now medical director of Community Health Services, a public health
clinic in Hartford. "He has managed to right that financial
ship in some very tough times in the history of the state."
Gold, 53, who earlier spent 14 years
at the helm of children's hospitals, first in Pittsburgh, and later
in Peoria, Ill., quickly became one of the Hartford children's hospital's
most ardent cheerleaders. He liked to lug a plastic bag full of
miniature blood pressure cuffs to speaking engagements to illustrate
his point that treating children is different from treating adults.
"He brings a tremendous amount
of energy to telling the story of CCMC," said Ed Lewis, chairman
of the medical center's board of directors. "He is revered
for his fundraising and his ability to connect with people."
Alfreda Turner, president and chief
executive officer of Charter Oak Health Center, another public health
clinic in Hartford, said she was saddened by the news and called
Gold "visionary." In May, Gold signed an agreement turning
over management of the hospital's primary care clinic to the Charter
Oak center. The deal gave children and their families access to
mental health and dental care that they could not get at a hospital-run
Gold's down-to-earth leadership style
won him affection among employees, and the hospital was well-regarded
for its cancer care, its pediatric intensive care unit, its outpatient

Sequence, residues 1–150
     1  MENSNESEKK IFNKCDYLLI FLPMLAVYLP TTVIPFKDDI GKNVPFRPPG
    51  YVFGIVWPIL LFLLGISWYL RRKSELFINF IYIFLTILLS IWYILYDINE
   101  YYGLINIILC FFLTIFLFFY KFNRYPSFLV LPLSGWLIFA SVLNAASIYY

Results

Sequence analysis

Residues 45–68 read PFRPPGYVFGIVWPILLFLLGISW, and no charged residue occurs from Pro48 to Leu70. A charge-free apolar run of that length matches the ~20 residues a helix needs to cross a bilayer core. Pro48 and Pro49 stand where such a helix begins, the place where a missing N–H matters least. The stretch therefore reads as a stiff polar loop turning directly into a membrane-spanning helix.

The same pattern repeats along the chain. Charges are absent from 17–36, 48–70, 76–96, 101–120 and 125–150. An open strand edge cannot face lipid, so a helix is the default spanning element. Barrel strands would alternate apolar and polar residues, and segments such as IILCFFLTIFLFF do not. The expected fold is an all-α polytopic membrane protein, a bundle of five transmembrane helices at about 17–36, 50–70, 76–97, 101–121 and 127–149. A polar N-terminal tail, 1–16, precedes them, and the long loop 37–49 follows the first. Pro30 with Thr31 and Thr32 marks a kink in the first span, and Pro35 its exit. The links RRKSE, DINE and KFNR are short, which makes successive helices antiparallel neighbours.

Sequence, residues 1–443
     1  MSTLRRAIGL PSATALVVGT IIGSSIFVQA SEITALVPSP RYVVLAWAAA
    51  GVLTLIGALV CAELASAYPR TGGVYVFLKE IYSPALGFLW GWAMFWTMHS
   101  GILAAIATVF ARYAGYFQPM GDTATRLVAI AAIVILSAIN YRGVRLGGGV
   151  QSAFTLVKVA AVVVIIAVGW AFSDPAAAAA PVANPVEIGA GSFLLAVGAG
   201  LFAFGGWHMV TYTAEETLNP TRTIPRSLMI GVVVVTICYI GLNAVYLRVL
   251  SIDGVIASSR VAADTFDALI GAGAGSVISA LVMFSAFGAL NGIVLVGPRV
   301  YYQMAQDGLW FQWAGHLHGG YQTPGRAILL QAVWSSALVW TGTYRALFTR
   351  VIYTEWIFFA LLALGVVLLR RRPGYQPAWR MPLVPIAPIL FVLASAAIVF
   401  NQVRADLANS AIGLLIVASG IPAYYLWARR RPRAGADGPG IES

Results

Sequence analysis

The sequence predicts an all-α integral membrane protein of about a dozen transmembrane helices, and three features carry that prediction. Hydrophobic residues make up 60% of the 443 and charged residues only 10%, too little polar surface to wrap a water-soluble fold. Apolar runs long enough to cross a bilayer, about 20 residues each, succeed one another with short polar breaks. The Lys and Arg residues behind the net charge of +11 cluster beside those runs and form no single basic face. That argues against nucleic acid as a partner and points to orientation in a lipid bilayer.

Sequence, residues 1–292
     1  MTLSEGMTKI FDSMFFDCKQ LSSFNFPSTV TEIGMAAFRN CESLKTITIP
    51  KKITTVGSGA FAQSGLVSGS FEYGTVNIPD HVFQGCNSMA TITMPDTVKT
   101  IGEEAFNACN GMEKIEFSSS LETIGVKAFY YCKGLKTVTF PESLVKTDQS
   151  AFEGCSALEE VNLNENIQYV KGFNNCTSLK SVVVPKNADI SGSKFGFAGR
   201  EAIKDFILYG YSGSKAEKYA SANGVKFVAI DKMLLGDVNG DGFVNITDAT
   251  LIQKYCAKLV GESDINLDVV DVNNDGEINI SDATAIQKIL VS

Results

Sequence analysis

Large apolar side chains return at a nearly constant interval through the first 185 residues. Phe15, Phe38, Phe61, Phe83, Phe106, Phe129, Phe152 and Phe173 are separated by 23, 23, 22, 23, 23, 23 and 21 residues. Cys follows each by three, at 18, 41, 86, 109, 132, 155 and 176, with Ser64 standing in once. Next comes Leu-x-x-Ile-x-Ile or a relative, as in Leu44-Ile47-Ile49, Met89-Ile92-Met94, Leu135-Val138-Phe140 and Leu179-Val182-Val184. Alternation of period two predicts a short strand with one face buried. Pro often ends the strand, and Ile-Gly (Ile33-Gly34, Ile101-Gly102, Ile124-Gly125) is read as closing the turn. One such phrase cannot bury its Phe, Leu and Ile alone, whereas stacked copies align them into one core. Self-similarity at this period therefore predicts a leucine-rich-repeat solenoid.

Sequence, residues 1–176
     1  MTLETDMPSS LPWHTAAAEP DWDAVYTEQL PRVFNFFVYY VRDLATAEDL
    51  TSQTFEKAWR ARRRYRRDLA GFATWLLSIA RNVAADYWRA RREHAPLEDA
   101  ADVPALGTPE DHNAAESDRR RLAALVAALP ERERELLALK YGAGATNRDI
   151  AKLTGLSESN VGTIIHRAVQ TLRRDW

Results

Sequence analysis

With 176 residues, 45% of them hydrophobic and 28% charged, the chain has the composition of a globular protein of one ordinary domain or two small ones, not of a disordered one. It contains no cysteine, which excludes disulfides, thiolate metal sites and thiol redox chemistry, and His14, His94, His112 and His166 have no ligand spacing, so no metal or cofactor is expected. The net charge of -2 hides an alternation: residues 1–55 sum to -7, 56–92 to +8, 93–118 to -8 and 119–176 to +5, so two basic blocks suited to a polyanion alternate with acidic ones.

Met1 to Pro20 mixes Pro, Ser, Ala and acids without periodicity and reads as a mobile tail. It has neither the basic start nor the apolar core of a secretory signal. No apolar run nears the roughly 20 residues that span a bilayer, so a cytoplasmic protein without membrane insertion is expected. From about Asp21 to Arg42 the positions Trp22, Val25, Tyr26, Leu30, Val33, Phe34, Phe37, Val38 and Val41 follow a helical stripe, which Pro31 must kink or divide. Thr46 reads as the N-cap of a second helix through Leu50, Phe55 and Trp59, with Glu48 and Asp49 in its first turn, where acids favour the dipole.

clinics for needy children, its openness to alternative and complementary
medicine and its innovative programs for children with rare conditions,
such as osteoporosis.
He was enjoying a highly successful
tenure until last May when the state issued a 100-page report detailing
communication lapses and management gaps that it said could have
put patients in danger.
In one 2004 case detailed in the state
report, a 15-year-old West Hartford boy died after emergency room
personnel waited more than 90 minutes to read a chest X-ray that
revealed clues of a heart injury that might have been repaired.
Another death, the state concluded,
might have been prevented by tighter hospital security, and a third,
in which a child died of an unrecognized complication of sickle
cell disease, pointed up a lack of leadership in the emergency department,
state regulators said.
The hospital's ambitious plan for correcting
the gaps includes purchasing a digital imaging system that will
allow X-rays and other scans to be read instantly at any hour of
the day or night. It also includes appointing physician specialists
to head every medical and surgical department, tightening security,
increasing staffing and training in the emergency room, and improving
supervision of physicians in training at the hospital.
Health department spokesman William
Gerrish said Galvin is encouraged by the progress but is still not
satisfied that the hospital has implemented enough safeguards to
ensure maximum patient safety.
"The department has seen some
progress toward improved hospital systems at CCMC," Gerrish
said. "We still have areas of concern and see a need for further
Reprinted with permission of the Hartford Courant.